Befriending Anger with Meditation and Guided Imagery

Anybody can become angry — that is easy, but to be angry with the right person and to the right degree and at the right time and for the right purpose, and in the right way — that is not within everybody’s power and is not easy.

The article targets anger and looking at both pros and cons, and also management of it. The author discusses channeling anger in more positive ways. Anger can become habitual. It is recommended to practice mindfulness meditation. Can anger be positive? Try out on Guided Imagery Exercise.

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Elana Clark-Faler
  • Tia
    Posted at 13:37h, 08 September Reply

    I had problems with meditation up until recently. I kinda couldn’t focus. I guess being focused is what matters and that’s why meditating doesn’t work for everyone. I found a quiet place for me in my apartment and that gave me the extra focus I needed. It’s way easier now!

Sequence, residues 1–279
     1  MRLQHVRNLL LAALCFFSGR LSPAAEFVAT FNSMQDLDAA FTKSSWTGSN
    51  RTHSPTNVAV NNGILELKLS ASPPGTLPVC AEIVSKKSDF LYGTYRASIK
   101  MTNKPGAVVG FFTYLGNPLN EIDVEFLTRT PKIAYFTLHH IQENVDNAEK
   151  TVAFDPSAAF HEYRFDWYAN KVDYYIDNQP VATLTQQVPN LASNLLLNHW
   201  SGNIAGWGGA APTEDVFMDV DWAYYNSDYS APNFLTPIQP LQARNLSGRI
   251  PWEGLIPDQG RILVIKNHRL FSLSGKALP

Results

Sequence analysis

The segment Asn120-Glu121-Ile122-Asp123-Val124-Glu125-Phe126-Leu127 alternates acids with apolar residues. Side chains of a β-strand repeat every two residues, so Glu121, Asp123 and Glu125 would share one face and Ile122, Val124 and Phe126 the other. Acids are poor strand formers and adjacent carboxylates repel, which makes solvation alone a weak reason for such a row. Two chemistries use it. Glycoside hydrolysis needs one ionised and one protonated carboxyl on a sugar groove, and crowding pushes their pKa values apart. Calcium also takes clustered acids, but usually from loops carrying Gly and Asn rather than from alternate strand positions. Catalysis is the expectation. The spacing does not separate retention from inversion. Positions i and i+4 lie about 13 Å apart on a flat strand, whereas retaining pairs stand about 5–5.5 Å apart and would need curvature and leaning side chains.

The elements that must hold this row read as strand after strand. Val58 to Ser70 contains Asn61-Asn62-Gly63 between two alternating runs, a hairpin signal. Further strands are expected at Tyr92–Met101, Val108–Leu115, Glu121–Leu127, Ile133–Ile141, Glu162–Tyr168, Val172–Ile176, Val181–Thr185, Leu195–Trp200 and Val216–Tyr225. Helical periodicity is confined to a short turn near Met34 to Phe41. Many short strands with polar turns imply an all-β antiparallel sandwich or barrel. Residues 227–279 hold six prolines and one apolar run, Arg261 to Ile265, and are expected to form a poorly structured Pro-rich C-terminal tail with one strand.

• elana
      Posted at 16:11h, 20 October Reply

      It’s hard to create time and space. But, if you don’t it won’t happen. I usually get up first thing in the morning, sit up in bed and immediately meditate for 5 -10 minutes a day. I don’t have a lot of time or energy to do more than that. It works for me and it helps with balance in my life. I see a huge difference when I do it versus skipping my practice. I encourage you to take baby steps and make it work with your life style. Every bit helps. You can take random deep breathes throughout your day. You will see a difference.

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